America’s National Institute of Standards and Technology has named the first four encryption algorithms it believes will survive the advent of quantum computing.
At some point, quantum computers are expected to pose a threat to current encryption, because some quantum algorithms (Shor’s algorithm, for example) can factor large prime numbers quickly.
That led NIST to launch a search for algorithms that are resistant to quantum factorisation in 2016, with a view to including them in its eventual post-quantum cryptography standardisation project.
NIST says the four algorithms “rely on math problems that both conventional and quantum computers should have difficulty solving”.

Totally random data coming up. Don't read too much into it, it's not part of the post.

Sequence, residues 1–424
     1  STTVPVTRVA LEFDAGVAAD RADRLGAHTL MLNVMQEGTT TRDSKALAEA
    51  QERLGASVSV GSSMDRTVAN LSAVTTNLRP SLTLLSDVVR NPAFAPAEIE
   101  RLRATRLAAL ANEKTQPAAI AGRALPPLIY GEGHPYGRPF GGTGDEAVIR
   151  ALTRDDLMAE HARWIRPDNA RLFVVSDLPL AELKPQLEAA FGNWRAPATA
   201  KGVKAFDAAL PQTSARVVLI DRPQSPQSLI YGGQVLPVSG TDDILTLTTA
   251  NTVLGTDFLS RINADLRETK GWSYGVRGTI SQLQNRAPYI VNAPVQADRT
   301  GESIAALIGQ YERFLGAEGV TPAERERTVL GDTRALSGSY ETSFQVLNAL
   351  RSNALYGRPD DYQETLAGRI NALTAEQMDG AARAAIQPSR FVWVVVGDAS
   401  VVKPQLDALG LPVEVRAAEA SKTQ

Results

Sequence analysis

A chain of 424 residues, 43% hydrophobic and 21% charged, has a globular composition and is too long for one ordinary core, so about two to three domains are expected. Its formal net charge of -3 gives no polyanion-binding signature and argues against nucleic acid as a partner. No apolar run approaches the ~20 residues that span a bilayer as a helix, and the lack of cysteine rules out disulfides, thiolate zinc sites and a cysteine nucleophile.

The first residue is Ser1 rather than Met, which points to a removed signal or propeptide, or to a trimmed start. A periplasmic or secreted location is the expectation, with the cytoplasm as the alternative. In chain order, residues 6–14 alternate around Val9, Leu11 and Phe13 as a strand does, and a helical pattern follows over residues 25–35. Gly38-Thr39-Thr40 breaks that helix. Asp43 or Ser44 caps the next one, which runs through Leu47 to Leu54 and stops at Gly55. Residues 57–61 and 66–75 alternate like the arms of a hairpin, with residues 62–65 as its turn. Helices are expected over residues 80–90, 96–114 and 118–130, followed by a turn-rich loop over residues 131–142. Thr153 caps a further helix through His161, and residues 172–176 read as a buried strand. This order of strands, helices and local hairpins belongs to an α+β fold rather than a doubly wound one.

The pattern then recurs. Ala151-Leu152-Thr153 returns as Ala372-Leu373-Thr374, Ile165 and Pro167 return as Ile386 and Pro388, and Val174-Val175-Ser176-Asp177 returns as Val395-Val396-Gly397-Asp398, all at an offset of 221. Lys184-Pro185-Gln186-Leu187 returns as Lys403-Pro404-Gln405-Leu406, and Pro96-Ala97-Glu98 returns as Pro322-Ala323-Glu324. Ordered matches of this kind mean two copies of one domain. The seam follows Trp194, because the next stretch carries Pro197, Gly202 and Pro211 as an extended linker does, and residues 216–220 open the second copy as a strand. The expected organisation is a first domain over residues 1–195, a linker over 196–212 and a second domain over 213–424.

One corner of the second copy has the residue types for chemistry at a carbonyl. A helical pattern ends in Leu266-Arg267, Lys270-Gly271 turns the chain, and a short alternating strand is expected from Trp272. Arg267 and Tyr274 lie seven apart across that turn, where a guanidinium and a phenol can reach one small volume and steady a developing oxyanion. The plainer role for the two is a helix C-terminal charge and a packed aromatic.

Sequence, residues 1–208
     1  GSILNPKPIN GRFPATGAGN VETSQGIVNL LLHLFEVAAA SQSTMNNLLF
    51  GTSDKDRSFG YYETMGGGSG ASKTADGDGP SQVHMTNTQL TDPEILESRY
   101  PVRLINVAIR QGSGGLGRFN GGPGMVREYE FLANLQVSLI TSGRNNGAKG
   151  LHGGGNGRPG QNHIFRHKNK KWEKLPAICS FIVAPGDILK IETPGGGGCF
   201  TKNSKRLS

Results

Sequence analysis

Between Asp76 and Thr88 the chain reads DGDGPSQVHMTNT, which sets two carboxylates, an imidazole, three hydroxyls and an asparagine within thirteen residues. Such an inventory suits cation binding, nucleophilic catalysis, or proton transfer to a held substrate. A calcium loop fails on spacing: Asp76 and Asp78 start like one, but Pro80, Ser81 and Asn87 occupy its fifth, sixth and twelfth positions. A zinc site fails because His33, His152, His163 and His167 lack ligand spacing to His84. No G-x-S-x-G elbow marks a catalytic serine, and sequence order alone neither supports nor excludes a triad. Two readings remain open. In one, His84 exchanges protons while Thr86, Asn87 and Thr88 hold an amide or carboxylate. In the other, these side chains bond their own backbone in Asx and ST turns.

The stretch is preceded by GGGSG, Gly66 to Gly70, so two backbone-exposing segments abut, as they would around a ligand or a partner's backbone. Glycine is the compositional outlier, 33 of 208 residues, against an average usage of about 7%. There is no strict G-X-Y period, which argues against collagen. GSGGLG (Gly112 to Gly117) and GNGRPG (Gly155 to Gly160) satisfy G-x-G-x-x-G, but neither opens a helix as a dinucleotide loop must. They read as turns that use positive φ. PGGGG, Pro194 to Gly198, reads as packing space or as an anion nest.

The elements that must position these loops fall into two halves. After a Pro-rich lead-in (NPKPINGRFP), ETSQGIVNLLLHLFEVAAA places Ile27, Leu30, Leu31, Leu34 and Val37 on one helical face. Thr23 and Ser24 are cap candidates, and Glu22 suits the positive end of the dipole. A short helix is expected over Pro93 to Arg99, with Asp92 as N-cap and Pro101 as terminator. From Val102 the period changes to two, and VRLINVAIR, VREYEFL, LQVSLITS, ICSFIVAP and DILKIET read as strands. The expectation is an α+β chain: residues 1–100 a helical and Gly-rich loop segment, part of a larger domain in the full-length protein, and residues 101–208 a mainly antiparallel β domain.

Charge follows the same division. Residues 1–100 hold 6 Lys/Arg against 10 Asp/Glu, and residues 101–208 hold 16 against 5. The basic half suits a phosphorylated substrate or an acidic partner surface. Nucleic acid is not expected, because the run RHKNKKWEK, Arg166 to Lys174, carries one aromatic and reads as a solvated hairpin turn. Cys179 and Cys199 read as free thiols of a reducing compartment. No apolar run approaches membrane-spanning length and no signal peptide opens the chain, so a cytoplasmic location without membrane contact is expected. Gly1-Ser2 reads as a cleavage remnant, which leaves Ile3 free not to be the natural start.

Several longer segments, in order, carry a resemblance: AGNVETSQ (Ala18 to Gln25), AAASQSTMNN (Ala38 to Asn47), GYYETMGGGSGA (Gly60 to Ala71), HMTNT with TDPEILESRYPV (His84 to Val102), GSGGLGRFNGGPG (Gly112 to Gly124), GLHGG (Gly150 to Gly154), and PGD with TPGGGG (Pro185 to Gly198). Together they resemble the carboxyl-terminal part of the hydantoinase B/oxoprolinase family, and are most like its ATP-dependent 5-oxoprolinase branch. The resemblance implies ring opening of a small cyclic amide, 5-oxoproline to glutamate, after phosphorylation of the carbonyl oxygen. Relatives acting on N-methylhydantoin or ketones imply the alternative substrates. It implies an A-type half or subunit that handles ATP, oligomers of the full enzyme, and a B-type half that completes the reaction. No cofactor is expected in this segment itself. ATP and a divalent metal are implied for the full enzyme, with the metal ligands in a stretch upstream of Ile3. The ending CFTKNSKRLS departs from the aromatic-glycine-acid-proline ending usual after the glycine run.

It describes CRYSTALS-Kyber as a “general encryption” scheme suitable for information passing over the Internet.
The other three are for digital signature applications: CRYSTALS-Dilithium is nominated as the primary algorithm, FALCON is more lightweight, and while larger and slower, SPHINCS+ takes a different mathematical approach to the other two.
All of the algorithms are available for download.
NIST has another four algorithms under consolidation, for announcement at a future date.